• Search for information about the test on the internet to learn more about it.
  • Most test developers provide examples of the questions you will be asked to answer.
  • Find examples of other types of personality tests on the internet. We recommend Cubiks Keep in mind that some websites will require you set up a profile if you want to take a full test.
  • Ask people you know for their opinion. Ask them what they see as your professional strengths and weaknesses.
  • The website jobtestprep.co.uk charges for access to a variety of tests. The site allows you to search for tests that are relevant for you.

Preparing can give you an idea of what a personality test will reveal about you, and that will help you by allowing you to prepare to address any questions the employer might have.

A skills test is used by an employer to measure your ability to complete a specific task.

These types of tests are now considered to be a standard part of the recruiting process in Denmark.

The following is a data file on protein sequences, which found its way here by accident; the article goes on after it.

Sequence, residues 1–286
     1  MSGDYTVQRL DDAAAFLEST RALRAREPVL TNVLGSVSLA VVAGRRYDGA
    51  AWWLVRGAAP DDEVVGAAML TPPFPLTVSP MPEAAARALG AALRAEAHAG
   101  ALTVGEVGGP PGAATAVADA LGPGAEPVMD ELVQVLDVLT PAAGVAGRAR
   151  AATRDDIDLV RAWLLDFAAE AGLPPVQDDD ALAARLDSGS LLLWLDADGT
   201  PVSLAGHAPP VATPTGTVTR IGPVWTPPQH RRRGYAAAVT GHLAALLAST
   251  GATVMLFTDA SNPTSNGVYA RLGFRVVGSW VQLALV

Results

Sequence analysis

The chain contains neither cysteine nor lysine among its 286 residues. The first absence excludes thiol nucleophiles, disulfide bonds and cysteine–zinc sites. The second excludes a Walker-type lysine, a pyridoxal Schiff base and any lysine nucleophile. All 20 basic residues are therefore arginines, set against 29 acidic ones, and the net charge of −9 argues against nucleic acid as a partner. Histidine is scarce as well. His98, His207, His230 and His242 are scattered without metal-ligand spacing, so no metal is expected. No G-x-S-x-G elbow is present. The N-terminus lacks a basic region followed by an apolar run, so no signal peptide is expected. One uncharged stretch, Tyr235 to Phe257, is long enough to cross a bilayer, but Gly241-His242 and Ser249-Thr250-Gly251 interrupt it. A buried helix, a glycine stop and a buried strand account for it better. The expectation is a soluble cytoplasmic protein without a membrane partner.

Typically, skills tests are just one of several factors an employer considers when hiring someone. Some firms use skills tests in the early stage of the hiring process, or to screen candidates they think might be worth calling in for an interview.

Skills tests usually include several different types of questions that measure skills such as:

  • error-checking: your ability to quickly identify any errors
  • comprehension: your ability to understand a written text. These types of tests will typically ask you to read something and then answer multiple-choice questions about it.
  • numerical: your mathematical ability. These types of tests can include problems involving fractions, algebraic equations, statistical calculations, diagrams and other mathematical concepts.
  • abstract thinking: your ability to identify logical connections and abstract patterns. These types of tests may involve answering questions or asking you to draw conclusions from abstract patterns. 

Skills tests are timed. There are correct answers; you will be evaluated based on how well you perform compared with a control group.

In addition to evaluating you based on the number of correct answers, you employer will also be able to asses you based on how you answered: how precise were you? how accurate were you? how willing were you to take risks?

Preparing for a skills test

  • Search for the test on the internet. The developer’s website often has information about the test and examples of an answer report. The website may also have examples of questions.
  • If it’s been a while since you’ve had a maths course, the website regneregler.dk can help you brush up.